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  • The surveys are conducted along the sandspit and within a 96 ha lagoon that encompasses mudflats, eelgrass beds, and saltmarsh at the northwest end of Sidney Island, located in the Strait of Georgia, British Columbia. The survey counts numerate two species, Western Sandpiper (Calidris mauri) and Least Sandpiper (Calidris minutilla), during a portion of the southern migration period (July, August, and early September), and have been conducted intermittently since 1990. Sidney Island (48°37’39’N, 123°19’30”W) is located within the Salish Sea (Strait of Georgia), 4 km off the coast of Vancouver Island in southwestern British Columbia, Canada. Southbound Western and Least Sandpipers stop over within Sidney Spit Marine Park (part of the Gulf Islands National Park Reserve), roosting and feeding along the sandspit and within a 96 ha lagoon that encompasses mudflats, eelgrass beds, and saltmarsh at the northwest end of the island. These species are the most numerous shorebird species using the area during southern migration. Adults precede juveniles, arriving at the end of June and throughout July. Juveniles reach the site in early August, with their numbers trailing off in early September. As a result, the site experiences a transition from purely adult to purely juvenile flocks over the course of the season. Daily counts, beginning in early July and ending in early September, were conducted in 1990 and from 1992-2001 (no counts occurred in 1991). Effort was reduced to weekly surveys between 2002 and 2013. Over the entire monitoring period median survey effort was 9 counts annually. All counts were conducted at the low tide of the day, when shorebirds were feeding in the exposed mudflat of the lagoon. Observers walked along the shore of the lagoon stopping periodically at vantage points to look for birds. For ease of data recording and to keep track of individual flocks, the survey area was divided into separate units demarcated by prominent geographical features. Counts were made with the unaided eye, through binoculars, and with a 20 – 60x zoom spotting scope, depending on the proximity of the birds. All individuals in small flocks were counted and individuals in large flocks were estimated by counting in groups of 5, 10, 50 or 100 according to flock size in each successive field of view across a scan of the entire flock. Between 1990 and 2001, when daily counts were conducted, birds were occasionally counted more than once in a day. The largest count value obtained was used as the daily estimate for these days. For smaller flocks, we were able to identify all individual birds to species and age-class. Sub-samples from larger flocks were also aged (adult or juvenile) and identified to species. Birds were aged by plumage characteristics. Adult Western Sandpipers are distinguished from juveniles by the dark chevron markings present along the sides and breast. Juvenile Least Sandpipers have a buffy breast compared to the distinct, darker one of the adult, and juveniles have bright rufous scapulars compared to the drab feather-edges of the adults. In both species, juvenile plumage appears brighter and cleaner than adult plumage, which is more worn and tattered.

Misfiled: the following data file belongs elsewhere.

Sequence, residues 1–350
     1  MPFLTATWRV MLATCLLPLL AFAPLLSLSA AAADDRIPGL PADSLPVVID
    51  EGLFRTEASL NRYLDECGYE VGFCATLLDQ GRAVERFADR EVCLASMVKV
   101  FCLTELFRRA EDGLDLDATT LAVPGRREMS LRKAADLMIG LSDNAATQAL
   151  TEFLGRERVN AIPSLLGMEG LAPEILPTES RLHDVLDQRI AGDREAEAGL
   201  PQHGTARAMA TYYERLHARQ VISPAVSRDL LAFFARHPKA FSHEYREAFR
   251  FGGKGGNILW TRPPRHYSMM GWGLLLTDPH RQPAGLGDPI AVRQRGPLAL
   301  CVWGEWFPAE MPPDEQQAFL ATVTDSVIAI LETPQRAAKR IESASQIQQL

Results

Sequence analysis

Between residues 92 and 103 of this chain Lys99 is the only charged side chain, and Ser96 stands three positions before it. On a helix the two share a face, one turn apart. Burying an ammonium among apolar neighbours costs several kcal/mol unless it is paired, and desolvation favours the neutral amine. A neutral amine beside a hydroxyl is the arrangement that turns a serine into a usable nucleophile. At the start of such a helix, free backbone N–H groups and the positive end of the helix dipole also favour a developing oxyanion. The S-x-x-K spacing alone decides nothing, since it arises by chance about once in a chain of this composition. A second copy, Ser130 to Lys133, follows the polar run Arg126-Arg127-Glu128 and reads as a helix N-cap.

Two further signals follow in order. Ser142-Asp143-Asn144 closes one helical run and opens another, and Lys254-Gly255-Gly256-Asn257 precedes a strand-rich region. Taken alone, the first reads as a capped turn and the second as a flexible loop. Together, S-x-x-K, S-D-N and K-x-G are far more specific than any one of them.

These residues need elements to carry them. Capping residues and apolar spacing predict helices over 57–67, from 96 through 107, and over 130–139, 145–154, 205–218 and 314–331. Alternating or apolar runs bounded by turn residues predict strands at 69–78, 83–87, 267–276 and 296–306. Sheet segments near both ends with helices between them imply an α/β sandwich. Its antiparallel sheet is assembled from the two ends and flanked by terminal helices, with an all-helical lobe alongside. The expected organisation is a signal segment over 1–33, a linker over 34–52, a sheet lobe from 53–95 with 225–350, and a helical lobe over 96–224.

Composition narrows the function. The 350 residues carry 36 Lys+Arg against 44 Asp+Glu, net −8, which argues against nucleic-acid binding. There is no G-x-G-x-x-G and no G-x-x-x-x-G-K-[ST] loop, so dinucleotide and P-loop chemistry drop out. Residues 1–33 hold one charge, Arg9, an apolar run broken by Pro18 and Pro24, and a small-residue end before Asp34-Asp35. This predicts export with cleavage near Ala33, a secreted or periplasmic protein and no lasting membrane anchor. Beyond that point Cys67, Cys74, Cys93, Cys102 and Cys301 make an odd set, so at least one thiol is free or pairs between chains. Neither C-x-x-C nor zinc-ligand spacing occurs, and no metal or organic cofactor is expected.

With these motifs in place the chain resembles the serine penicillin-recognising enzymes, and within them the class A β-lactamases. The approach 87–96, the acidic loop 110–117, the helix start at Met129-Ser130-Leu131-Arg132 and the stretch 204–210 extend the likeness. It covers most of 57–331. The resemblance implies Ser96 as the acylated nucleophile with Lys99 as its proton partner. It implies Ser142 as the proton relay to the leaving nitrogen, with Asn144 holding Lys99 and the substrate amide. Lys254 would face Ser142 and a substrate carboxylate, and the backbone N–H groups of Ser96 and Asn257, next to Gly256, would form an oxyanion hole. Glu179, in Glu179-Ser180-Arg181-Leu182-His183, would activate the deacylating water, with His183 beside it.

• Average grid cell density is a polygon feature class containing the average density value for each grid cell per species/groups and season.

  • Grids surveyed is a polygon feature class containing the 5’ latitude by 5’ longitude grid cells surveyed for all seasons combined including the grids that were surveyed but where no species were seen. In order to produce maps for a specific season a selection for these grids must be performed.

  • Surveyor shorebird bird observations and counts for all years.

  • Study area is a polygon feature class showing the extent of where most of the bird sightings were recorded and then used in the atlas. A few rare species have been included as well that go beyond this area.

  • These shorebird surveys are conducted intermittently at a series of sites near the town of Tofino on the west coast of Vancouver Island, British Columbia, during northward (April to May) and southward migration (July to November). This survey includes all shorebird species. Surveyors used binoculars or a spotting scope to count the total number of shorebirds present within the natural boundaries of each survey site during the northward and/or southward migration periods. They used a boat to count birds within the entire area of Arakun Flats and Ducking Flats by traveling along the outer edge of the mudflats, and by stopping at standardized vantage points on land. They also used a boat to view as much area as possible within Maltby Slough, South Bay and Grice Bay from the openings to each of these bays. Surveyors walked the entire length of Chesterman Beach including the tombolo to Frank Island. Surveys were done at least twice a week at each site. Most boat surveys began at low tide when the mudflats were exposed and continued on the rising tide. Road accessible sites were usually surveyed during the hour before high tide or at high tide in 2011. Surveys were not conducted in weather that reduced visibility or made boat travel unsafe (heavy rain or high wind). Surveyors counted birds individually when they were within flocks of fewer than 200 birds. They estimated the size of larger flocks by counting 50 or 100 birds and then judged how many similar-sized groups made up the entire flock. Distant flocks were recorded as small or large shorebirds and assumed to have the same species composition as those closer to shore in 1995 or identified to species group and recorded as either “dowitchers” or “peeps” in 2011.

  • Rare species is a point feature class containing rare species sightings.

  • Survey effort is a polygon feature class with the original transects – for reference.